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QuickStart Guide to EQ’ing Your Drum Bus

I spent some time mixing this week and one of the main things I thought about was how important the drum bus is to the overall sound of your drum kit.

I route my drums so that everything ends up in the drum bus. It’s easier to manage but it’s also important to not do anything too drastic because you don’t want to screw with the sound too much.

So, here are some thoughts you can use whenever you find yourself EQ’ing the drum bus.

First of all, stay away from drastic EQ moves when EQ’ing the entire drum bus. Any move you make here will affect the entire drum kit, not just the drum you’re trying to cut or boost.

A good starting point is to listen to what the drums sound like and think critically about what the drums need. From there you can gauge whether the drums need more weight in the low-end, some cleaning up because they sound too boxy or whether they need some more punch in the high-mids or air from the cymbals.

  • Be careful with the filtering if your kick drum is routed to the drum bus. If you’ve left it out then you can take out more low-end to clean up the drums, but always keep an eye on making sure you keep that low-end power in.
  • A cut in the 300 – 400 Hz range can take out any unwanted boxiness so experiment with cutting a few dBs in those areas, sweeping around until you find where your drums sound the cleanest.
  • Low-mid buildup and boominess is a frequent problem, especially in the home studio. Scout around in the 150 – 250 Hz area and see if you can reduce any boominess caused by annoying resonances in your room.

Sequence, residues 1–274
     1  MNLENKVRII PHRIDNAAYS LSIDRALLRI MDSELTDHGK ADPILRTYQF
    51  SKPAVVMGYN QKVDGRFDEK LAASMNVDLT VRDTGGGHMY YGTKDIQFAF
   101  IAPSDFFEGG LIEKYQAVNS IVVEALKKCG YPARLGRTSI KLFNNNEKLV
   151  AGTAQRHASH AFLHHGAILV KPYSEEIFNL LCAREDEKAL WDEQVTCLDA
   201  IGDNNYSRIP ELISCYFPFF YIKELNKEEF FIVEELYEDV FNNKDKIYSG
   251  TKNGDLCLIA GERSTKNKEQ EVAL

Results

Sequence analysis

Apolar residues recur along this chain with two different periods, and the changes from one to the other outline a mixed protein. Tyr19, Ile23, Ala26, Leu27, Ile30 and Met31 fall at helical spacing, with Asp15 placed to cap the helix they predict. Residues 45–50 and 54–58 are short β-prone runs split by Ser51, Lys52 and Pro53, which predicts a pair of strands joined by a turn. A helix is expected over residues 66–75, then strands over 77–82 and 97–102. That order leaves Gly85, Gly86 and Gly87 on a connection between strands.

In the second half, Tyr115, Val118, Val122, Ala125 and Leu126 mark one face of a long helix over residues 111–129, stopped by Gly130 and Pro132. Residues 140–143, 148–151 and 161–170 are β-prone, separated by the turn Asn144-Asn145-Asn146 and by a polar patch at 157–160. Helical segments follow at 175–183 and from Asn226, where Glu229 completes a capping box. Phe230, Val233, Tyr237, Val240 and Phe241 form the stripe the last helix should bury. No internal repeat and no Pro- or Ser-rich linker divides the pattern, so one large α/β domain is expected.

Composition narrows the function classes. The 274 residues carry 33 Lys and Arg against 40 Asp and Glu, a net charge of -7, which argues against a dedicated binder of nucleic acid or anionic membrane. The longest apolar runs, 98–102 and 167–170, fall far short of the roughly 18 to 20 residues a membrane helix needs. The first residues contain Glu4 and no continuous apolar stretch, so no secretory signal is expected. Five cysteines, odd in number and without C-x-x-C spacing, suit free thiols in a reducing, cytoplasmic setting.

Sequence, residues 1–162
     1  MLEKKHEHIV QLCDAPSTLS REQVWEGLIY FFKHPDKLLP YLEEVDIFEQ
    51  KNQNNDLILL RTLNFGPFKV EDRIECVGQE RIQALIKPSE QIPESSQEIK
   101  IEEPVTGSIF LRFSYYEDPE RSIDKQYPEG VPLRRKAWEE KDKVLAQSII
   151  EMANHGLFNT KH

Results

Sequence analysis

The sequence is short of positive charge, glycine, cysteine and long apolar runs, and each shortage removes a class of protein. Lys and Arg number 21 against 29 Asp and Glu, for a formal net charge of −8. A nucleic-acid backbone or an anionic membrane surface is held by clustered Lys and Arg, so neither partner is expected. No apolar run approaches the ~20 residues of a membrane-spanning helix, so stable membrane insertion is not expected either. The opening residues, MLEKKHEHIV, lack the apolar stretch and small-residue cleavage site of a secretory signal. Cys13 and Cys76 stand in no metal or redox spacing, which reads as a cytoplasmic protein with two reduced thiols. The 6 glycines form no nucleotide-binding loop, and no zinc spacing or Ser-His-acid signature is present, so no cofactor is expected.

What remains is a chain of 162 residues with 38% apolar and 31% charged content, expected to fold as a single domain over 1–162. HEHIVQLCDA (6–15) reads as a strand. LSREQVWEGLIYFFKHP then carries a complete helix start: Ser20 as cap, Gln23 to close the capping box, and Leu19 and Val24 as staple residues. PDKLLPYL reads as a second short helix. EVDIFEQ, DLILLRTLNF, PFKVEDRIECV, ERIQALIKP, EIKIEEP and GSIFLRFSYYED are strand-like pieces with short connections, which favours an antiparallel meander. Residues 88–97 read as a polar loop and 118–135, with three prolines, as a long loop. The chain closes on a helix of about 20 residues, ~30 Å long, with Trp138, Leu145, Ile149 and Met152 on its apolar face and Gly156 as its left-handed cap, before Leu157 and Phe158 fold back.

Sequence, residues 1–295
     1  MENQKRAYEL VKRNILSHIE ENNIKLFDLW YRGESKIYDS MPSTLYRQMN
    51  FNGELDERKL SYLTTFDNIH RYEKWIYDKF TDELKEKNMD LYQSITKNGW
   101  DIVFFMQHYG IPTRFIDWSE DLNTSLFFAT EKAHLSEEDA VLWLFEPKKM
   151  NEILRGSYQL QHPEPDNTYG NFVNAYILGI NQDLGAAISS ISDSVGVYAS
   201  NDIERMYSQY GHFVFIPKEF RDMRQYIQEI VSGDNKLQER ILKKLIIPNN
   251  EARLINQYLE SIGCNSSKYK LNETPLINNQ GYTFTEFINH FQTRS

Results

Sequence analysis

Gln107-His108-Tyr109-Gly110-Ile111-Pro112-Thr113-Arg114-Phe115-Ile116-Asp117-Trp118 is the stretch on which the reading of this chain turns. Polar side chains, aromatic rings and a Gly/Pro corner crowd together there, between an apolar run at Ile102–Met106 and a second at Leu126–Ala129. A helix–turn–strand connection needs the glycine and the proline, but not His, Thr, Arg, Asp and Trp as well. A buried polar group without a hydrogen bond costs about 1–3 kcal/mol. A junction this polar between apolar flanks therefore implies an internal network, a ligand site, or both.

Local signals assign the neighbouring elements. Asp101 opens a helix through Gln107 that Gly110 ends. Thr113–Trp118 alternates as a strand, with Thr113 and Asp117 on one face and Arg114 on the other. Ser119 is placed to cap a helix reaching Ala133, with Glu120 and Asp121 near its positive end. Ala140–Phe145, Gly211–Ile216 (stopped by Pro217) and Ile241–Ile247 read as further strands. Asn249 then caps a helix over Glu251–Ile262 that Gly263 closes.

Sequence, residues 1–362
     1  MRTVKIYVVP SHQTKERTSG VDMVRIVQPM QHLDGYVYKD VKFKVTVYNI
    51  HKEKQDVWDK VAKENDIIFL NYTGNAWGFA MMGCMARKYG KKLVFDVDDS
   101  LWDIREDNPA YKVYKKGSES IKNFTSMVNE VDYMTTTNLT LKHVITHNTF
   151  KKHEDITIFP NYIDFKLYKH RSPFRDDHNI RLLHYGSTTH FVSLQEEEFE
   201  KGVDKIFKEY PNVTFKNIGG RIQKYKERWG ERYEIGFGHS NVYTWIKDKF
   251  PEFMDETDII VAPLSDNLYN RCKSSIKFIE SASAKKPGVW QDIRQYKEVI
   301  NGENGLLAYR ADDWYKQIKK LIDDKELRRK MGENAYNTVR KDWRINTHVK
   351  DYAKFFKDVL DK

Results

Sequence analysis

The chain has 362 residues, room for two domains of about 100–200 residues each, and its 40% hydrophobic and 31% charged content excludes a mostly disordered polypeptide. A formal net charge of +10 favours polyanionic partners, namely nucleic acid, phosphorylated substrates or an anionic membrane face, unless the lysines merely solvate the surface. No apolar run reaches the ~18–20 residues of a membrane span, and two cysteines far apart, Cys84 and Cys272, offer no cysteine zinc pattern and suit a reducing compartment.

• For more added weight in the snare, a gentle boost in the 500 Hz area can bring out the tone of the snare. However, be careful if it starts getting too honky in the other drums. If that’s the case you’re better off using that EQ boost on the individual track.
  • If you need more presence and punch from the drums in general, in case they’re getting drowned in distorted guitars, then add a little bit in the high-mids around 1.2 – 3  kHz. If those boosts start getting in the way of the vocal, make sure you back off and tweak your frequency selection.
  • Harshness in the cymbals can be tamed in 2.5 kHz, especially an annoying hi-hat.
  • Finally, if your cymbals sound dull or the drum kit needs more brilliance and excitement in the high-end, try a shelving boost in the high frequencies above 10 kHz. A little bit goes a long way so don’t go overboard in your boosting.

Try those tips out next time you’re EQ’ing your drum bus, and if you need more help with EQ in general check out my Ultimate Guide to EQ here.

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About me

About Björgvin Benediktsson

I’m Björgvin Benediktsson. I’m a musician, audio engineer and best-selling author. I help musicians and producers make a greater impact with their music by teaching them how to produce and engineer themselves. I’ve taught thousands of up and coming home studio producers such as yourself how to make an impact with their music through Audio Issues since 2011.

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